Just like with standard physical servers, virtual machines have one or multiple virtual disks attached to them and formatted with whatever file system works for this particular workload. The default virtual disk type provided by vSphere is suitable for most virtual machines and is a safe way to get started but it is important to understand the other methods and what is specific to each of them.

There are two ways to provision a virtual machine with storage and the difference between them lies in how the virtual disk is presented to the VM.

Now let’s see the VMware virtual disk types in detail

Flat Disks

A flat disk is a traditional method that is used in most cases for a VM. Here the virtual disk and its data are stored on a VMFS datastore. The path to the disk configured in the VM points to a vmdk file name “vmname.vmdk”. This file does not hold any data and is called a descriptor file. Its purpose is to define which disk to write to. This way a disk can have an ordered chain of snapshots. The actual data of the disk is located in a file called “vmname-flat.vmdk”, there is one flat file per descriptor file.


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Flat disks are very flexible as you can easily expand them, migrate them to another datastore and of course take snapshots. This is the recommended way to do it unless there is a specific requirement for an RDM, more on that later.

Now within the “flat” disk family, there are 2 storage provisioning methods that will define how space is allocated on the datastore. It is very important to understand how this works as it will dramatically alter the way you manage the storage in your environment.

Thick Provisioning

With this method, you estimate how much storage the virtual machine will need for its entire life cycle and the entire provisioned space will be committed to the virtual disk. The benefit of using such disks is that there is no risk of filling up an over-subscribed datastore hence require less attention in managing storage allocation and usage. However, the main drawback is that it can quickly lead to underutilization of datastore capacity as many VMs have a lot of free space on their volumes.


Also, it is worth noting that there are 2 ways of doing the initial provisioning of a thick disk.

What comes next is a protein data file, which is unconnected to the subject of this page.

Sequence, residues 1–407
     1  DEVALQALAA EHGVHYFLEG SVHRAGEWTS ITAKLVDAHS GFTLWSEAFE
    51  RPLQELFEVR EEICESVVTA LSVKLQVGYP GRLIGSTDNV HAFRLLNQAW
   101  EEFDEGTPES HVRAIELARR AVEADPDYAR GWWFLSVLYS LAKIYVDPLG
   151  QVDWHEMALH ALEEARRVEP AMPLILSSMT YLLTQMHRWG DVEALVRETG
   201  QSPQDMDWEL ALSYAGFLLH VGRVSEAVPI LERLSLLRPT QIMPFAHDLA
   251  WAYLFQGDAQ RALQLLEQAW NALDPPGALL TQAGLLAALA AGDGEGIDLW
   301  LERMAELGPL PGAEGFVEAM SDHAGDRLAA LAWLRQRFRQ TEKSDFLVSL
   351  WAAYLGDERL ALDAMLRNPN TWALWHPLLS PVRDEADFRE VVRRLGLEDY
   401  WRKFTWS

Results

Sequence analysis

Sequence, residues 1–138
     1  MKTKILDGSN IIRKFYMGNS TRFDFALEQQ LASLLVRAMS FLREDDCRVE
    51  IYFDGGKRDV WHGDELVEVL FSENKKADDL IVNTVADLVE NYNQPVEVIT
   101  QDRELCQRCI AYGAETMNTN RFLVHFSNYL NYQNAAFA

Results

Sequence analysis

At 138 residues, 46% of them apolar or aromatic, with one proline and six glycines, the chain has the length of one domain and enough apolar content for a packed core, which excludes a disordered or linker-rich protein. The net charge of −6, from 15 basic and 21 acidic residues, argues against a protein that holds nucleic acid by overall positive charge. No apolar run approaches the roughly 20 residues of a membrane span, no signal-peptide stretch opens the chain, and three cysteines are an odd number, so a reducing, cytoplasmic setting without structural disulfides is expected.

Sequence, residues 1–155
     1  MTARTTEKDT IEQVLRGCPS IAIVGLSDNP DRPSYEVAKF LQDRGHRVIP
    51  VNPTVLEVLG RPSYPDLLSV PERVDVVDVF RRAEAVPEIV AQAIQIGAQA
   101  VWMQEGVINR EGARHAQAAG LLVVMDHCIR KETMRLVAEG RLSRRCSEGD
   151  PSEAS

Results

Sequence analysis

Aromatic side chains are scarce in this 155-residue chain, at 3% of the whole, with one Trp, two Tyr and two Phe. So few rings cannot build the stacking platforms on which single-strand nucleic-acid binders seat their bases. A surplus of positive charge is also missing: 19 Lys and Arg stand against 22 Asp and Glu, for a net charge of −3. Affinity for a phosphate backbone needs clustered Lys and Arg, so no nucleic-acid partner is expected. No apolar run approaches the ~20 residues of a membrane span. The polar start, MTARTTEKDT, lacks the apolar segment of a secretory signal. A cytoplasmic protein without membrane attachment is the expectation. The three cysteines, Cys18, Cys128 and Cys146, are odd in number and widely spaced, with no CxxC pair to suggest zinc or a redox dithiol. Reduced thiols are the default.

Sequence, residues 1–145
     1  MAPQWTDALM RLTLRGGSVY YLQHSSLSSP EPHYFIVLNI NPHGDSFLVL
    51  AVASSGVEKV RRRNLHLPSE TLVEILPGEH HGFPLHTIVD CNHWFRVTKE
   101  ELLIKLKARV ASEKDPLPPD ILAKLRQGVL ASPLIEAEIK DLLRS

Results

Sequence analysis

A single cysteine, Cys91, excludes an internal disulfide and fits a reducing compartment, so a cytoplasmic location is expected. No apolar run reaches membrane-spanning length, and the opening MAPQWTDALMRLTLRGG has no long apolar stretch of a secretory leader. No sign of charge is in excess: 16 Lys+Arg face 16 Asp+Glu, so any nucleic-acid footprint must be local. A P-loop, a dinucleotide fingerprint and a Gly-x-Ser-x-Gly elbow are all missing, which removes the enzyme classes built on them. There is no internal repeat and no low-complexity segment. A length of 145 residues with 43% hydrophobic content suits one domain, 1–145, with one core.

In both cases, the provisioned space will be reserved on the datastore.

  • Thick provisioning Lazy zeroed: Allocates in advance and zero on the first write. Faster to provision in the first place but might induce a (theoretical) slight latency on first writes, not really accurate anymore
  • Thick provisioning Eager zeroed: The empty space is zeroed out straight away. May take a little bit longer to provision

Thin Provisioning

To help avoid over-allocating storage space and save storage, thin disks allow you to use just as much storage capacity as currently needed and then add the required amount of storage space at a later time. For a thin virtual disk, ESXi provisions the entire space required for the disk’s current and future activities but commits only as much storage space as the disk needs for its initial operations.


Although you will save a lot of space on disk, there is a risk associated with thin disks that is important to understand. Because you can over-subscribe a datastore (meaning you can provision more storage than its physical capacity) if all VMs were to use up all their space or nearly, the datastore would fill up completely while the VMs still thinks there is available space. This situation will cause the IOs of all thin provisioned disks to fail. To fix it you can either migrate virtual machines off this datastore or expand its capacity. However thick provisioned disks will retain access to the capacity as space was physically reserved.